• tipoo - Thursday, March 10, 2011 - link

    Its just saving you from porn by not showing any of the web. Its a feature! Reply
  • sprockkets - Thursday, March 10, 2011 - link

    "Sorry, iPhone 3GS users, but this feature won’t be available for you."

    Officially, lol.

    "Still MIA is an improved implementation of the AirPrint feature, introduced in iOS 4.2, which was originally intended to allow iOS users to print to any printer shared via iTunes by a PC or Mac. This feature was scaled back at the eleventh hour to support only direct printing to a handful of mostly-new printers built to support the feature. Workarounds exist to get it working with any printer, but official support for any ol’ printer has never materialized, and Apple has never offered much of an explanation."

    One apple nutcase thought it is because HP has the methods of doing so all patented.
    Reply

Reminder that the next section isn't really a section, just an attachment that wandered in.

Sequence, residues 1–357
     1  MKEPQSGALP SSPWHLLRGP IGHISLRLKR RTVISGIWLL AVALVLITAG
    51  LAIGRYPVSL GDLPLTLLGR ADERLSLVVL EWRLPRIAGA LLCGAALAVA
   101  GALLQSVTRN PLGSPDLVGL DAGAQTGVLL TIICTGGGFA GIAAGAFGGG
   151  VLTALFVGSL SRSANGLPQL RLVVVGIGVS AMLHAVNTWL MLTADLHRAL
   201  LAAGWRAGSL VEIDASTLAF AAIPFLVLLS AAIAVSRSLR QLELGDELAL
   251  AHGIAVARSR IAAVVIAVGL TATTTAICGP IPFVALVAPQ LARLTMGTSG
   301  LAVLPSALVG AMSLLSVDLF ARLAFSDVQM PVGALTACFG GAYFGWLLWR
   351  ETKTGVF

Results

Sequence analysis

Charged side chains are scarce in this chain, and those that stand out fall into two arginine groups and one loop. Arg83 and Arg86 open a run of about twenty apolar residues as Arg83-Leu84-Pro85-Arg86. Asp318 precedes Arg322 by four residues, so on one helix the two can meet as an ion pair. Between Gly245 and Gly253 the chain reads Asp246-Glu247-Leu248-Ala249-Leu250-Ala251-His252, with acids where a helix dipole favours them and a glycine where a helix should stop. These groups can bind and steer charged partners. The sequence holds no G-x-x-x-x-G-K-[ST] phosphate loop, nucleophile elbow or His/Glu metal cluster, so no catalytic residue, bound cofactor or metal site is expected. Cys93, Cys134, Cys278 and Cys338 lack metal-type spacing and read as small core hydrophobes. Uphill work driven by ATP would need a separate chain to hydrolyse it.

• kigoi - Thursday, March 10, 2011 - link

    those sunspider results for the 4.3 iphones are both off their typical scores by about 15%. do they have background processes running? Reply
  • Azsen - Thursday, March 10, 2011 - link

    Have the provided a function to close down all the open apps at once? It's so slow having to do it one by one. Reply
  • MobiusStrip - Thursday, March 10, 2011 - link

    Have they provided an option to close apps when you "close" them under Mac OS? Nope.

    Apple has some kind of stick up its ass about quitting things. They love to see resources wasted. Never mind the fact that the user manually launched the app, so he should be able to manually quit it just as easily. Otherwise, why not launch every app on the system at startup?

    More Apple hypocrisy.
    Reply
  • Vadatajs - Thursday, March 10, 2011 - link

    What the hell does that have to do with anything? This isn't about OSX.

    Furthermore, Mac OS has always closed applications when you _quit_ them.
    Reply